TO mask, or not to mask, that is the question, with apologies to English playwright William Shakespeare, for paraphrasing his famous soliloquy from Hamlet.
The latest Victorian Department of Health and Human Services rules on face mask-wearing, announced by State Premier Dan Andrews on Sunday December 6. 2020, in themselves seem reasonably straightforward.
However, judging by the number of people who are still wearing masks outside in open public places or inside where there’s obviously plenty of room and not many people about indicates there is continuing community uncertainty about what to do.
Some people are choosing to wear their masks whenever they are out just for simplicity as much as reassurance, while others are electing to err on the side of caution, especially those who feel vulnerable because of their health or age.
Currently the rules state that everyone 12 years and over or without a valid and lawful exemption like illness or disability must carry a mask at all times and to wear it if they can’t maintain a 1.5-metre distance from other people.
Masks must also be worn on public transport including taxis and ride-share vehicles, in supermarkets, and in places like enclosed shopping centres and the individual shops within them, and large department, hardware, furniture and electronics stores.
Some facilities and organisations, such as hospitals and medical centres, aged care services, and ports, require face masks to be worn as part of their COVID Safe plans.
Face masks are “strongly recommended” but are not mandatory now in circumstances where people are unable to stay more than 1.5 metres away from others while out in public, for example, at transport stops, on busy walkways, and in shops and queues.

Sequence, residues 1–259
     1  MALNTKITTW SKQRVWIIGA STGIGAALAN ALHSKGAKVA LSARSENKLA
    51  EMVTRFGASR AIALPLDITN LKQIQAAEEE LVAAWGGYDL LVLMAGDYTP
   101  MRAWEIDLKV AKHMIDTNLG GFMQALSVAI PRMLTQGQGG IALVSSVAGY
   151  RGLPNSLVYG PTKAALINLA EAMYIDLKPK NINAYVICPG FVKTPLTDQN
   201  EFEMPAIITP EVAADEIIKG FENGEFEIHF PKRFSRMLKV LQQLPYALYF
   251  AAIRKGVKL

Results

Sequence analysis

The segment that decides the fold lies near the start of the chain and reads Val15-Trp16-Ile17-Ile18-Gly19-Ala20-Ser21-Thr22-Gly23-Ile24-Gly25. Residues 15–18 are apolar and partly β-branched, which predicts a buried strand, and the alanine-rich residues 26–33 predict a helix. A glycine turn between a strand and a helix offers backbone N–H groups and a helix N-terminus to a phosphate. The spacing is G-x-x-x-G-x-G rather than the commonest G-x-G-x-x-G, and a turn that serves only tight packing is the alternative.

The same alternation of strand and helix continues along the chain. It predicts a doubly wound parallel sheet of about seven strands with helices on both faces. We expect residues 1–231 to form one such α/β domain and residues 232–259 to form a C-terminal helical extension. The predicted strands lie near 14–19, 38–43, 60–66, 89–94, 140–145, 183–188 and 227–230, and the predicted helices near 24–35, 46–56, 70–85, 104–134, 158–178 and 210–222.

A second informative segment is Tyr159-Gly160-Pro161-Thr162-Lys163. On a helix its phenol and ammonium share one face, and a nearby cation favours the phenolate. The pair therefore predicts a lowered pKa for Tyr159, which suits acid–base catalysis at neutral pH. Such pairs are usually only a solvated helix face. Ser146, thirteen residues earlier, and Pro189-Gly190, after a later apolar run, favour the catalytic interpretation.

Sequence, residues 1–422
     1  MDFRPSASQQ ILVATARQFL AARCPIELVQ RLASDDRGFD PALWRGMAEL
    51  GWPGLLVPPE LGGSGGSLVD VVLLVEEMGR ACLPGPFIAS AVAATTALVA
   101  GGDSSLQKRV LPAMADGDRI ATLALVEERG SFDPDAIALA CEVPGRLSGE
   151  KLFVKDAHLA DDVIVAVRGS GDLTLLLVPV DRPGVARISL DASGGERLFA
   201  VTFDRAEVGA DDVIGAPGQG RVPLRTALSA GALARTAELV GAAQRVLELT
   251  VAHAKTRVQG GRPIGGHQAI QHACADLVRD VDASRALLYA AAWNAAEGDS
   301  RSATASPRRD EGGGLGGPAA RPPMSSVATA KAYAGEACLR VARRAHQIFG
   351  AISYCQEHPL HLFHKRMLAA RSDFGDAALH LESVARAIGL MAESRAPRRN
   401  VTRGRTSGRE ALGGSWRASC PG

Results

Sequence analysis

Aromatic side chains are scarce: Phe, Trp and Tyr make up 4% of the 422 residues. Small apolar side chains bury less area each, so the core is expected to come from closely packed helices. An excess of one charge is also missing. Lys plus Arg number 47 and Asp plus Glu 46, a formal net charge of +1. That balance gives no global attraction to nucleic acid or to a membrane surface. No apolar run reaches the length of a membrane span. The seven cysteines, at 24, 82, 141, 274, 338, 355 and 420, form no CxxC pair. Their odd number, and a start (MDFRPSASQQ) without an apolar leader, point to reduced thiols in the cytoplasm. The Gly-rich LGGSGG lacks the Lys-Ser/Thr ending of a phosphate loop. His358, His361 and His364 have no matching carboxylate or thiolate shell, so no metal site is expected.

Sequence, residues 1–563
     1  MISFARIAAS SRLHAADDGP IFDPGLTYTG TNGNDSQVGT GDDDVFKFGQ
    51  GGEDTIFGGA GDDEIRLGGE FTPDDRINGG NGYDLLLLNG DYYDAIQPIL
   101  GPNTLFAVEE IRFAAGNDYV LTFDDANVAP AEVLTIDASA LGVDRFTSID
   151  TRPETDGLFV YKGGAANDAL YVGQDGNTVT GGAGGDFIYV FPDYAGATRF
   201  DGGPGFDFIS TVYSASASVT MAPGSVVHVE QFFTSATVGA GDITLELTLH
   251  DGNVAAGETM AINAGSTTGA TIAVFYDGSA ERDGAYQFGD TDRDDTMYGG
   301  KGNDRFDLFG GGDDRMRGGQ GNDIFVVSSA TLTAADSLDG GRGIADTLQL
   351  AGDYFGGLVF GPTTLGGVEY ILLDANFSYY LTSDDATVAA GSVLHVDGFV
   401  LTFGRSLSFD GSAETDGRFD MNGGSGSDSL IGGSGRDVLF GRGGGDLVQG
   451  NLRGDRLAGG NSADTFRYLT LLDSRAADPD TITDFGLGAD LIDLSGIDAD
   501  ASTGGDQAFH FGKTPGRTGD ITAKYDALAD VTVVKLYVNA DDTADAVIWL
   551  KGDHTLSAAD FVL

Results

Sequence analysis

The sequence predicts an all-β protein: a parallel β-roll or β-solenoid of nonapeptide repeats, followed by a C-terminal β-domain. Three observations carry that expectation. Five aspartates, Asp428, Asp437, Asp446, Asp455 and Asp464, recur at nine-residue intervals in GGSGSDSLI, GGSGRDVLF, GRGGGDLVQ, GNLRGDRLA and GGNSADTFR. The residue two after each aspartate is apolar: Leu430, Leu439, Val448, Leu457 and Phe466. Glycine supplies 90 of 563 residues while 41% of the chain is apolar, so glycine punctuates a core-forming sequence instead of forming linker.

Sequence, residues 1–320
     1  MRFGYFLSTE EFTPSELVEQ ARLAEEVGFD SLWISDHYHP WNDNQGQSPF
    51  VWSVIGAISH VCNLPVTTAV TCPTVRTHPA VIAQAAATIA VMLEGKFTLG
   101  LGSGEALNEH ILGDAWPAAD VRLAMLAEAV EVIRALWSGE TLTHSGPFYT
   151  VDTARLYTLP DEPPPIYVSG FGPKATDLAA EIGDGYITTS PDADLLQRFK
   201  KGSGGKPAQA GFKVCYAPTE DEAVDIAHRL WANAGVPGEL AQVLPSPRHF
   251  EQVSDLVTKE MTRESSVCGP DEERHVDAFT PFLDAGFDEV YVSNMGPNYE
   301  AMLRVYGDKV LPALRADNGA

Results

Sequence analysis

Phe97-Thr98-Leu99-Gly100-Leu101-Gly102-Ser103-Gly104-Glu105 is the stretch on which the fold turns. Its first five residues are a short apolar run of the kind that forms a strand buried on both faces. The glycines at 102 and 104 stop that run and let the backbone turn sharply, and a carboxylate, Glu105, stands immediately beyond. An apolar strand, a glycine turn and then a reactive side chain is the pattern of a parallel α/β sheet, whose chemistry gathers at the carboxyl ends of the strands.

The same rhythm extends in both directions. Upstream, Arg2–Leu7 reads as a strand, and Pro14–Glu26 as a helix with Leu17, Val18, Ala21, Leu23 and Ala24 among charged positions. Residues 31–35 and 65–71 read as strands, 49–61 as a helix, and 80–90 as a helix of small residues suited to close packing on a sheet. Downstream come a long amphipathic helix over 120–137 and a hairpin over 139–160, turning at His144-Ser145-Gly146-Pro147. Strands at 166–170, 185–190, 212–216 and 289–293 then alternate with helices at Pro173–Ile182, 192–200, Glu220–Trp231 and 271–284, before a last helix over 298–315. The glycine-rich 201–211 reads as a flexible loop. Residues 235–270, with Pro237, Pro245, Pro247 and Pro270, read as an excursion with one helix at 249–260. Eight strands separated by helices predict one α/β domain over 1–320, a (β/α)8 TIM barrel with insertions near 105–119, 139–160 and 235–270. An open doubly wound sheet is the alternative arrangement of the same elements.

At present when a mask is necessary, the mask itself must still be of a fitted design that covers the nose and mouth. Face shields, bandanas, scarves or/ loose snoods or neck gaiters on their own are not considered “sufficient” as face coverings.
Washable or single-use masks made with three layers of fabric are recommended by the Chief Health Officer, as this type “provides the best protection for you and others”.
Eastern Victoria MLC Harriet Shing has become somewhat of a regional guru on masks and when and how they should be donned during the COVID-19 pandemic.
She has been regularly heard on ABC Gippsland radio explaining and interpreting the Government’s constantly changing COVID-19 restrictions and their associated mask, social distancing and hygiene directives during the course of the pandemic.
Ms Shing said keeping up with each alteration of the COVID-19 requirements since the time the pandemic was declared has been like “undertaking a series of exams.
“The COVID-19 situation has been so complex and changeable, and people have needed access to clear, accurate information throughout the pandemic,” she said.
“I appreciate that there has been a degree of ambiguity in some of the information the community has received and I’m glad I’ve been able to give practical explanations about what’s required.
“Sometimes I‘ve had to take questions on notice and find out what the correct answer is, but now, at last we’re starting to see a change in the limitations as to how we work, move around and gather,” Ms Shing said.
“There are still some restrictions of course, but the first thing to remember is you must have a mask with you at all times unless you are a child under 12 or are exempted.
“Generally, you don’t have to wear a mask unless in a specific situation, such is if you are in an enclosed area or among large numbers of strangers, say, in a shopping mall, a supermarket or a Bunnings,” she said.
“In small businesses, like cafes and shops in towns like Foster, other than the supermarkets, there is no need to wear a mask unless you are immune-suppressed or -compromised, and unless an individual business asks you to do so.
“It’s up to each business to have a COVID Safe plan, and business owners are entitled to place a sign in their front window requesting that masks be worn inside their premises,” Ms Shing said.
“People can apply the rationale that if there are large groups of people making contact tracing harder, then wearing a mask is an extra protection.
“Wearing a mask has been shown to reduce the risk of transmission by two-thirds.
“People can of course make their own choice as to whether they wear a mask in public, even when and where masks are not mandatory, though a mask is always recommended if they’re sick or vulnerable,” she said.
“This is something I urge community members to be kind, caring and compassionate about, and for everyone to continue using their common sense, so we all can keep coming through what has been a incredibly difficult period.”